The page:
[1 1 1 1 0 0 0 0 1 1 1 1 0 0 0 0 1 1 1 1 1 1 1 0 0 0 1 1 1 1 1 1 0 0 0 1];
Usf3 =
[1 1 1 0 0 1 1 1 0 1 1 1 0 1 1 1 0 0 1 1 0 0 0 0 1 1 0 1 1 0 0 0 1 1 0 0];
Usf4 =
[1 0 0 1 1 1 1 0 0 1 1 0 0 0 0 0 1 1 1 0 1 1 1 0 1 1 1 0 0 1 0 0 1 1 1 1];
Usf5 =
[0 0 0 1 1 0 0 1 1 0 0 1 0 1 1 0 1 0 1 0 0 0 0 1 1 0 1 1 1 1 1 1 1 1 1 0];
Usf6 =
[1 1 0 1 0 1 0 1 1 0 0 0 1 1 0 1 0 1 0 1 1 1 0 1 0 1 1 1 0 0 1 0 1 0 1 1];
Usf7 =
[0 0 1 0 0 1 1 0 1 1 0 1 1 1 1 1 1 1 0 1 1 0 1 0 0 0 1 0 0 1 1 1 0 1 0 0];
Usf8 =
[0 1 1 0 1 0 1 1 1 0 1 0 1 0 1 1 1 1 0 0 0 1 1 1 1 1 0 0 1 0 0 1 0 0 1 1].

[0017] Considering now only the first nine bits of each encoded USF; these are given in Table II.

TABLE II
Usfb1 = [0 0 0 0 0 0 0 0 0];
Usfb2 = [1 1 1 1 0 0 0 0 1];
Usfb3 = [1 1 1 0 0 1 1 1 0];
Usfb4 = [1 0 0 1 1 1 1 0 0];
Usfb5 = [0 0 0 1 1 0 0 1 1];
Usfb6 = [1 1 0 1 0 1 0 1 1];
Usfb7 = [0 0 1 0 0 1 1 0 1];
Usfb8 = [0 1 1 0 1 0 1 1 1];

[0018] The eight USFs can be formed into two groups; one group comprises uncoded USFs of which the last bit is one; this group will be referred to as the EGPRS group. The other group comprises uncoded USFs of which the last bit is zero (See Table I) and this group will be referred to as the RT-EGPRS.

[0019] The two groups are shown in Table III.

TABLE III
EGPRS 001 USF2
O11 USF4
101 USF6
111 USF8
RT-EGPRS 000 USF1
010 USF3
100 USF5
110 USF7

[0020] In the inventive arrangement, the system shown in FIG. 2 is arranged so that, when the RLC/MAC blocks are formatted, the EGPRS USFs are interleaved in four consecutive bursts, as in the prior art arrangement. However, the RT-EGPRS USFs are all placed in the first burst.

[0021] On receipt of a first burst, a mobile user 12 in the EGPRS/RT-EGPRS system performs an autocorrelation of the first nine bits of the received USF, to determine whether the USF is directed to EGPRS users or to RT-EGPRS users; autocorrelation of the nine bits will provide a definite peak at the relevant USF. The user 12 can then identify which of the eight USFs is present.

[0022]FIGS. 3a, 3 b and 3 c are examples of autocorrelation functions for the eight USFs. In FIG. 3a there is a marked peak for USFI, indicated on the graph by a diamond shape, while the other seven USFs show either no peak or much lower peaks. In FIG. 3b, the peak is associated with USF2, indicated by 'a square; and in FIG. 3c the peak is associated with USF3 indicated by a triangle.

[0023] If the user 12 is an RT-EGPRS user, and identifies one of USFs 1, 3, 5 or 7, the mobile then looks for the remaining 27 bits in the first burst. If the user 12 is an EGPRS user and identifies one of the USFs 2, 4, 6 or 8, the mobile then looks for the remaining 27 bits in the next 3 bursts.

[0024] As a further confirmation measure, both types of users can be arranged to perform a further correlation using the full 36 bits of the relevant USF sequence. A typical 36 bit correlation is shown in FIG. 4; the peak for USF 1, indicated by diamonds, is illustrated. This second correlation is used as confirmation of the earlier 9-bit correlation.

[0025] Once the RT-EGPRS user mobile 12 has recognized its USF with certainty, the last bit is known. Block decoding apply (36, 2) instead of (36, 3) as in the prior art, can be used. Such block coding is described in our co-pending patent application number filed on even date.

[0026]FIG. 5 is a plot of BLock Error Rate(BLER) against Es/No in dBs for four block decoding methods; block decoding (36, 3) minimum distance 20 is indicated by the line 20; (36, 2) minimum distance 20 is indicated by the line 22; (48, 3) minimum distance 27 is indicated by the line 24; and (48, 2) minimum distance 27 is indicated by the line 26.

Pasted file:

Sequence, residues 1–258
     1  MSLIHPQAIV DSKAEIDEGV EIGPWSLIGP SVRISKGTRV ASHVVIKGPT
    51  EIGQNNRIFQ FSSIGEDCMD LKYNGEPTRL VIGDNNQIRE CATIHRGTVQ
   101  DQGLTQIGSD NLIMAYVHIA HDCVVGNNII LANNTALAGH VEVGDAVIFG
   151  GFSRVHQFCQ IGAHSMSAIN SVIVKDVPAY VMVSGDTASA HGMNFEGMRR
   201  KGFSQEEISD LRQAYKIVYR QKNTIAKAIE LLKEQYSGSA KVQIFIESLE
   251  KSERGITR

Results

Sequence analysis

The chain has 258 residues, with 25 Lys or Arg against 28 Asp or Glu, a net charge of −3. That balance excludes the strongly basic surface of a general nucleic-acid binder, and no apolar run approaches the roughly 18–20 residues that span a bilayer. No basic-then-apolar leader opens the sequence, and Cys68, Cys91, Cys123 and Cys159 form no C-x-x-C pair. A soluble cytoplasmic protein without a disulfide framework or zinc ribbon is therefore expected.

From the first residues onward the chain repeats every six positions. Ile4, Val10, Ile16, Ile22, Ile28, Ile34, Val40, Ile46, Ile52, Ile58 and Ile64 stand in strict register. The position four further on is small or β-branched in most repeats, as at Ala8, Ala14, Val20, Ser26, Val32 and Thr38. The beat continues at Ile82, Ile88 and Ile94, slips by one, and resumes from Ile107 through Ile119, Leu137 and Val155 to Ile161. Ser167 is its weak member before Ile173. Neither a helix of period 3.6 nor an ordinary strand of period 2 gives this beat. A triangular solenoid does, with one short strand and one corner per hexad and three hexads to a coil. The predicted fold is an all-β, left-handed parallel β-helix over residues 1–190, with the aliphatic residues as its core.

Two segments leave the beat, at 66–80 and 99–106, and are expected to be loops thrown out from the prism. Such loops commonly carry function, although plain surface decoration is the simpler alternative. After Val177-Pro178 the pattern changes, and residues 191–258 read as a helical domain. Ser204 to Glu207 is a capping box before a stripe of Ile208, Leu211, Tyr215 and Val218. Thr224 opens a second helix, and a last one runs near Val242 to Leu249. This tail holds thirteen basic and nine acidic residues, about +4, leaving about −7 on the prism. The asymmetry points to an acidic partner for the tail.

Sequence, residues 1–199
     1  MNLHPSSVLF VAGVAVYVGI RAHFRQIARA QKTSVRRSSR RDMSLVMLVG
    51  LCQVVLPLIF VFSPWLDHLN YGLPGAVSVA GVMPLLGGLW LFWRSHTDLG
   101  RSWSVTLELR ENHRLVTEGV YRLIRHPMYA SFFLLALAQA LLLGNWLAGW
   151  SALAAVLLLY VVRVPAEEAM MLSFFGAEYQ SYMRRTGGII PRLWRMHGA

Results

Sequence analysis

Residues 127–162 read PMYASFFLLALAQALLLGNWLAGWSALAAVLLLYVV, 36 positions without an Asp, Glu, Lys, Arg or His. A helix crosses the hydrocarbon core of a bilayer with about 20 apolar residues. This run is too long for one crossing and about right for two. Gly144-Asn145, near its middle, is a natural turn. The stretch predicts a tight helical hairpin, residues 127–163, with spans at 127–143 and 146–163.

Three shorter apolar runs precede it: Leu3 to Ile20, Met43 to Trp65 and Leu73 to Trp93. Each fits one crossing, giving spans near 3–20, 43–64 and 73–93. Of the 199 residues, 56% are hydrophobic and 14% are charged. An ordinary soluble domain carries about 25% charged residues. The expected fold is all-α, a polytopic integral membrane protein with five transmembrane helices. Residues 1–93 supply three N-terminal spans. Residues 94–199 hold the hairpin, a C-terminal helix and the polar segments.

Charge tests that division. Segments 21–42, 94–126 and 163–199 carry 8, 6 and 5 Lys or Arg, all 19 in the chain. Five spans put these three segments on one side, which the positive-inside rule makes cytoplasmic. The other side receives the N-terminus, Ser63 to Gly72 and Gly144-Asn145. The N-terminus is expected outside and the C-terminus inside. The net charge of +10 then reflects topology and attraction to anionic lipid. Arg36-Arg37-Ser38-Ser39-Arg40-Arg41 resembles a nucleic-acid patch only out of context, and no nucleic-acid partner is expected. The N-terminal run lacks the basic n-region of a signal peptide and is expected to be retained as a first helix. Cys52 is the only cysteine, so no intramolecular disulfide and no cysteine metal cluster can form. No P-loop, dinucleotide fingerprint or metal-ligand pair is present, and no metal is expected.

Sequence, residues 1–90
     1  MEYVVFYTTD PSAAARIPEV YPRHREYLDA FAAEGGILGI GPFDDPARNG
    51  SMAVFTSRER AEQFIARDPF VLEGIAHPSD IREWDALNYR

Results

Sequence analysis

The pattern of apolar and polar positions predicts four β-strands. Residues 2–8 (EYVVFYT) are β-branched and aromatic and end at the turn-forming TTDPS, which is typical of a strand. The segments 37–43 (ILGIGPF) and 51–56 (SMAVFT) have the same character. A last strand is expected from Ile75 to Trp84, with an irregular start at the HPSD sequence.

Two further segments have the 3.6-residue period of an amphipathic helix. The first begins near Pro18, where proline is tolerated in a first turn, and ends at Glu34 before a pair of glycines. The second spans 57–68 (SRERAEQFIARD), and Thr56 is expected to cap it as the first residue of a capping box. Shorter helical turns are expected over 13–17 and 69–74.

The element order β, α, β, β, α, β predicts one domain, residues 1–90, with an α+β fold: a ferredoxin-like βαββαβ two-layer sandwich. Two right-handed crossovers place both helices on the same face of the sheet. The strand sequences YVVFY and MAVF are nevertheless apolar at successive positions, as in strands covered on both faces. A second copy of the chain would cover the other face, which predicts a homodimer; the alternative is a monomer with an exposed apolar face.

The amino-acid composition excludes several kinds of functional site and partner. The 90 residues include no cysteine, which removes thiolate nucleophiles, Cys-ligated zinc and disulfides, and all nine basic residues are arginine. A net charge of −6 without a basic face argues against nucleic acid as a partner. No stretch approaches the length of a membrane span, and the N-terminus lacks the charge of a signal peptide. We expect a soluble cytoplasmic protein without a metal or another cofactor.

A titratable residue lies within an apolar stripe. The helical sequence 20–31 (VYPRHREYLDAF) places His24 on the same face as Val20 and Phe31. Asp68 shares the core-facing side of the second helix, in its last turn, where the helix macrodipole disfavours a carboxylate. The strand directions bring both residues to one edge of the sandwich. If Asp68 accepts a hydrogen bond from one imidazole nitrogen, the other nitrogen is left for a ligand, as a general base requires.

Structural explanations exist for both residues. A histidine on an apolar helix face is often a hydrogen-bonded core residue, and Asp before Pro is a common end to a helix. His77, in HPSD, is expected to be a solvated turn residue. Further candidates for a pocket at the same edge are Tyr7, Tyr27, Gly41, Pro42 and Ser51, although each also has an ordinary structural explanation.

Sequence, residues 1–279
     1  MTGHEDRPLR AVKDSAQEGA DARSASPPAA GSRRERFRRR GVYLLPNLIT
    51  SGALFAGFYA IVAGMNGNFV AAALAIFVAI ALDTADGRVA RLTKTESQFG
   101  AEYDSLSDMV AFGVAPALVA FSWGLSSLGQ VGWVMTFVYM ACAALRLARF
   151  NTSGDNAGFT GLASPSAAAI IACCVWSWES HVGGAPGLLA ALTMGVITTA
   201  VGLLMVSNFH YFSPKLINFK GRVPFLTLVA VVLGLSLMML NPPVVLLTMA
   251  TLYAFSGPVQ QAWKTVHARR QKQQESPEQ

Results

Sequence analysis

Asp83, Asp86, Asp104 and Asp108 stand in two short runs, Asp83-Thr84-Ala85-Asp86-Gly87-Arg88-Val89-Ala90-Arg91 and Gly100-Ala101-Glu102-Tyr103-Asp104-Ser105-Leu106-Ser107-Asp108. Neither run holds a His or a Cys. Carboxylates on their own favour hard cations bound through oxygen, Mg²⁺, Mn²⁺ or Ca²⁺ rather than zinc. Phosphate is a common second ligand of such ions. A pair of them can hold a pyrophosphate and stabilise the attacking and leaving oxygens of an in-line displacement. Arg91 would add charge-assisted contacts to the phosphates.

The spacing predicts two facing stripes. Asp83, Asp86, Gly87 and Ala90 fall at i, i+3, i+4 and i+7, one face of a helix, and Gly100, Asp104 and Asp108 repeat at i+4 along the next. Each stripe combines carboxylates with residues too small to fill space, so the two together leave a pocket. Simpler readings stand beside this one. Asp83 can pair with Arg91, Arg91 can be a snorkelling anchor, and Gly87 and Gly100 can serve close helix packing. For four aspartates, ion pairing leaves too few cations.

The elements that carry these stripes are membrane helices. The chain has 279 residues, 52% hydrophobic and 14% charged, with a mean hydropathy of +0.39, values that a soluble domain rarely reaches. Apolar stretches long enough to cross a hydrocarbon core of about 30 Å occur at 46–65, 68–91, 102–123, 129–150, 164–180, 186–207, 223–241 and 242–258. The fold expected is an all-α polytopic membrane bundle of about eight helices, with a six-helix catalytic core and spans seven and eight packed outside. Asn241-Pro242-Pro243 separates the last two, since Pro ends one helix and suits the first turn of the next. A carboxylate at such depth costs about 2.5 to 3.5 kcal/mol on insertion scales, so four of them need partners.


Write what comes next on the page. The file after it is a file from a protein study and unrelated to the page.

[0027] Using the same code words, a gain of about 4 dBs can be achieved by using (36,2) instead of (36, 3) block decoding. If new block code is introduced and (48, 2) block code with the same minimum distance as (48, 3) code can be used with the same minimum distance, then a gain of about 5 dBs can be achieved in comparison with the (36, 3) block code. A major part of the degradation of the BLER has been compensated.

Referenced by
Citing PatentFiling datePublication dateApplicantTitle
US6952413Feb 27, 2004Oct 4, 2005Matsushita Electric Industrial Co., Ltd.Extended dynamic resource allocation in packet data transfer
US7046656Feb 27, 2004May 16, 2006Matsushita Electric Industrial Co., Ltd.Extended dynamic resource allocation in packet data transfer
US7058041Feb 27, 2004Jun 6, 2006Matsushita Electric Industrial Co., Ltd.Extended dynamic resource allocation in packet data transfer
US7539460 *Mar 4, 2004May 26, 2009Rohde & Schwarz Gmbh & Co. KgMethod and tester for determining an error rate of a mobile-telephone device, especially for USF-BLER
US8259752Apr 28, 2005Sep 4, 2012Interdigital Technology CorporationMedium access control layer architecture for supporting enhanced uplink
US8805354Aug 30, 2012Aug 12, 2014Interdigital Technology CorporationMedium access control layer architecture for supporting enhanced uplink
Classifications
U.S. Classification370/252, 370/329
International ClassificationH04L12/56, H04B7/26, H04L12/28, H04B14/04
Cooperative ClassificationH04W84/04, H04L1/0079
European ClassificationH04L1/00F1
Legal Events
DateCodeEventDescription
Feb 13, 2002ASAssignment
Owner name: LUCENT TECHNOLOGIES INC., NEW JERSEY
Free format text: ASSIGNMENT OF ASSIGNORS INTEREST;ASSIGNORS:DEMETRESCU, CRISTIAN;SAMARAS, KONSTANTINOS;SAMUEL, LOUISGWYN;AND OTHERS;REEL/FRAME:012637/0728;SIGNING DATES FROM 20010103 TO 20011127
Mar 2, 2009REMIMaintenance fee reminder mailed
Aug 23, 2009LAPSLapse for failure to pay maintenance fees
Oct 13, 2009FPExpired due to failure to pay maintenance fee
Effective date: 20090823